# Arithmetic Math Game

### Here's a math game to make that helps kids enjoy practicing their arithmetic

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I was wondering how I could make a good arithmetic math game for kids. A game that would make arithmetic fun - a competitive game. A math game with elements of strategy, luck, and good old fun. A few ideas ran through my head, until suddenly - aha!

If what I've described is what you are looking for in an arithmetic math game, well your search is over. Read on, and I'll explain :

• The playing pieces of this game, and how to make them,
• How to avoid making them if you've no patience with glue and scissors,
• The rules, with variations for different age groups.

Ok, the pieces first. If you download and print this file, you'll then have

• Some dice to cut out and make,
• Some numbered cards to cut out, and
• Some scoresheets to photocopy.

It's best to print everything onto cardboard. To make the dice, first press along each fold with a blunt knife, then fold and glue the tabs to the inside of the faces, so the printed symbols face out.

This will be troublesome for some people - especially if you are a teacher and you want to get your whole class playing this game. Here's some tips to make life easier.

• Notice that two of the dice are ordinary dice. If you happen to have some dice handy, you don't need to cut and fold the blue or yellow dice.
• In fact, you don't need to cut out the third die either. Instead, get a die which is a different color or size from the first two, and use this table to convert numbers to symbols :
2. subtract
3. multiply
4. divide
6. wild (any operation)

Once you have the different playing pieces ready, start the arithmetic math game as follows.

• Make sure each player has a gamesheet, and a pencil or pen.
• Mix up the cards in a bag or shoebox or similar. Then each player draws one card, and lays it on the table. This card shows their goal number.
• Each player rolls a single ordinary die. The number shown is their starting number. The player should write the starting number in the top left corner of their gamesheet.
• The player with the largest goal number goes first.

The players then take turns, in an anticlockwise direction, until there is a winner. On each turn :

• The player rolls the three dice. This will show an arithmetical operation (either addition, subtraction, multiplication or division) and two numbers (each between one and six).
• There are two special symbols on the operation die.
• If it shows the "plus-or-minus" symbol, the player can choose to use either plus or minus.
• If it shows a question mark, the player can use any of the four operations plus, minus, times and divide.
• (Optional Rule) If the player is not satisfied with the numbers and symbols showing, he or she may pick up the dice and roll again (once only).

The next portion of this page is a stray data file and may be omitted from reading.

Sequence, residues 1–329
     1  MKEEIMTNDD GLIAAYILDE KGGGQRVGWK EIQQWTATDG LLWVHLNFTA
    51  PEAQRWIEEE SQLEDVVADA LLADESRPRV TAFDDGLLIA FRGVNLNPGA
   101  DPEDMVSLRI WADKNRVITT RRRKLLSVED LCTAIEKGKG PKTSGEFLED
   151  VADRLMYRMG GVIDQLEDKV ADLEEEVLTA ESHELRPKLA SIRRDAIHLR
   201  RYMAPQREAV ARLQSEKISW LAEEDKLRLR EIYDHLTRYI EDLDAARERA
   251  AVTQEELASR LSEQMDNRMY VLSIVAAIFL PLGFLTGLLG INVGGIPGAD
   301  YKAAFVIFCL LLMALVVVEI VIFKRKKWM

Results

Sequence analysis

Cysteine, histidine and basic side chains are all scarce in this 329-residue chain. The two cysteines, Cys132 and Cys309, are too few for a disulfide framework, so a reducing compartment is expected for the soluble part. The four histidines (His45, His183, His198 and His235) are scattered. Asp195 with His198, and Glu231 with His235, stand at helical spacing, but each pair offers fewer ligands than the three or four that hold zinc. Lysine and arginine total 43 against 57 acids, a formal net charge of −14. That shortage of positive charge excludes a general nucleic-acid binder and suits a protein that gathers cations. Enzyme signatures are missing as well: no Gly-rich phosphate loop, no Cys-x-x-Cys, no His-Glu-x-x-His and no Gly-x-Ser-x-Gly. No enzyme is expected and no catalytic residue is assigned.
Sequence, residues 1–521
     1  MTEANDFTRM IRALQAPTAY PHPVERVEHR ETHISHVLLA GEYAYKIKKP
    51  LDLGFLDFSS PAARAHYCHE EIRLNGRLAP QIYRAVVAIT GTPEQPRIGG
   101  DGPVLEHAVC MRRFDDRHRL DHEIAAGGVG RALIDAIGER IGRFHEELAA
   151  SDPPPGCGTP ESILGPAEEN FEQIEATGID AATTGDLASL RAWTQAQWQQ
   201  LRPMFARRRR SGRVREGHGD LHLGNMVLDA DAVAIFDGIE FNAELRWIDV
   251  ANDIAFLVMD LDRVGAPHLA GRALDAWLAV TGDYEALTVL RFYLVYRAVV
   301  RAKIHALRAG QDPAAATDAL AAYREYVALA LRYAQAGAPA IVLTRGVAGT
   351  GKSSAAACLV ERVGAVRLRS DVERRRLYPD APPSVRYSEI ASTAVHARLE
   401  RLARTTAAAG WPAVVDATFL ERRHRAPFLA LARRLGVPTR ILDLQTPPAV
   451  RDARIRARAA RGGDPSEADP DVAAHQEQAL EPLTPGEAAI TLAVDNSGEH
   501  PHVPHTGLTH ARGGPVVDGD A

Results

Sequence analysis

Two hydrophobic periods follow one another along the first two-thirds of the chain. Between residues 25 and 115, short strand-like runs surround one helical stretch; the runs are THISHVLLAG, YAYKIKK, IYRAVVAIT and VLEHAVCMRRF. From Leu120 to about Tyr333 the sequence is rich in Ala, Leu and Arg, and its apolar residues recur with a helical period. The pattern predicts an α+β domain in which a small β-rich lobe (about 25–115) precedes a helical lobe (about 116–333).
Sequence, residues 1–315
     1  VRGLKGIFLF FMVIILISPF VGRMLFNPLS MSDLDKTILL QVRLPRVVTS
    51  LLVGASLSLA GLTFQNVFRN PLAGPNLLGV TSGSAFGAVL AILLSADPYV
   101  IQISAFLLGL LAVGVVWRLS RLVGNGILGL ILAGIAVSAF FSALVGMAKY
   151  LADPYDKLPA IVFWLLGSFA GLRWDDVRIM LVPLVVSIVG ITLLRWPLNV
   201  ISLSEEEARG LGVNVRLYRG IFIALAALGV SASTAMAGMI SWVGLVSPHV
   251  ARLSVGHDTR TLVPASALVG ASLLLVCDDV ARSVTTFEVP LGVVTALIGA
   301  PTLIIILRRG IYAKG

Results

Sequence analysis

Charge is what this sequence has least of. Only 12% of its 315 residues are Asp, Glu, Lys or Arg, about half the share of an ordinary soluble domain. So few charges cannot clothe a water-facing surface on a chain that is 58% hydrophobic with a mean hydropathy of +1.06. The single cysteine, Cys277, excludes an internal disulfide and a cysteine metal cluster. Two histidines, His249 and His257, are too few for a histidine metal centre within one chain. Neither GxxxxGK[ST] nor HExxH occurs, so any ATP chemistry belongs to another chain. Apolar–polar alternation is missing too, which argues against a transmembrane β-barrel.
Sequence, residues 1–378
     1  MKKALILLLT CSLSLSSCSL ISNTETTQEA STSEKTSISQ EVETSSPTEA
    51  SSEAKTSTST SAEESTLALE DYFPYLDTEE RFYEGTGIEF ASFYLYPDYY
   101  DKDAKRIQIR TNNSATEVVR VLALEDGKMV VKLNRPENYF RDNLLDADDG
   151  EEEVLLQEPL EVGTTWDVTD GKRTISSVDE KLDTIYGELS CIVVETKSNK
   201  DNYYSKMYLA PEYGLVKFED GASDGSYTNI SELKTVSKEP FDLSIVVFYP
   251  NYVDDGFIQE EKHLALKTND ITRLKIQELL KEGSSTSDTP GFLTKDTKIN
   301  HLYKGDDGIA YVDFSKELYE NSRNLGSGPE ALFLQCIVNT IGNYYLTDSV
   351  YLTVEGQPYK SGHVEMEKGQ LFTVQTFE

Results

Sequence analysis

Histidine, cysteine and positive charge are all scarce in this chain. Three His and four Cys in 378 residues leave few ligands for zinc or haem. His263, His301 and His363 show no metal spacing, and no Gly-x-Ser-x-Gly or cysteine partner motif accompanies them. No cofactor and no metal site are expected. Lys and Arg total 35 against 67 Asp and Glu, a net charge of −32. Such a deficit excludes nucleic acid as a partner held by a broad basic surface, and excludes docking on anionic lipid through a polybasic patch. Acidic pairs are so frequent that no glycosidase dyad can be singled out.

• The player writes the operation in the second column of their gamesheet.
• The player chooses one of the two numbers, and writes this in the third column of the worksheet.
• Then, the player works out the result of the arithmetic problem shown, and writes the answer in the fifth column of the worksheet (after the equals sign).
• If the answer is the player's goal number, the player has won! Otherwise, the answer should be copied into the first column of the next row. Then, it will be the next player's turn.

The pictures at the right show what a player's game worksheet might look as a game progresses. Suppose their starting number was 5.

• On the player's first roll, they get a +, a 6 and a 4. The player chooses 4, so (given the starting number 5) the first row shows 5 + 4 = 9.
• On the second roll, the player is lucky enough to get a ? on the operations die. The other dice show a 2 and a 6. Here, the player chooses the number 2, and for their operation, they can choose anything. They chose multiplication.
• On the third roll, the numbers were 4 and 5, but the operation die showed division! Ouch!

For different age groups, the arithmetic math game might be too easy, or too hard. Here's some suggestions you might like to try.

• To make the game easier
• Instead of two dice with numbers, use three. This will give more choice.
• If your class or children don't know fractions yet, there may be problems sometimes when the division operator comes up. You could allow a free re-roll if they can't avoid fractions.
• You could allow the use of a calculator
• Each player could choose more than one goal card, and they win if they reach any one of the goals.
• To make it harder
• Instead of getting to choose which of the two numbered dice the player can use, the number they use must be the sum of the two dice. In this case, you will have to allow re-rolls. Without any choice to make, the game would become a long frustrating game of chance. It would be better just to give a multiplication worksheet.
• The players choose more than one goal card, and must reach the sum of the numbers drawn.

Yours, Dr Mike.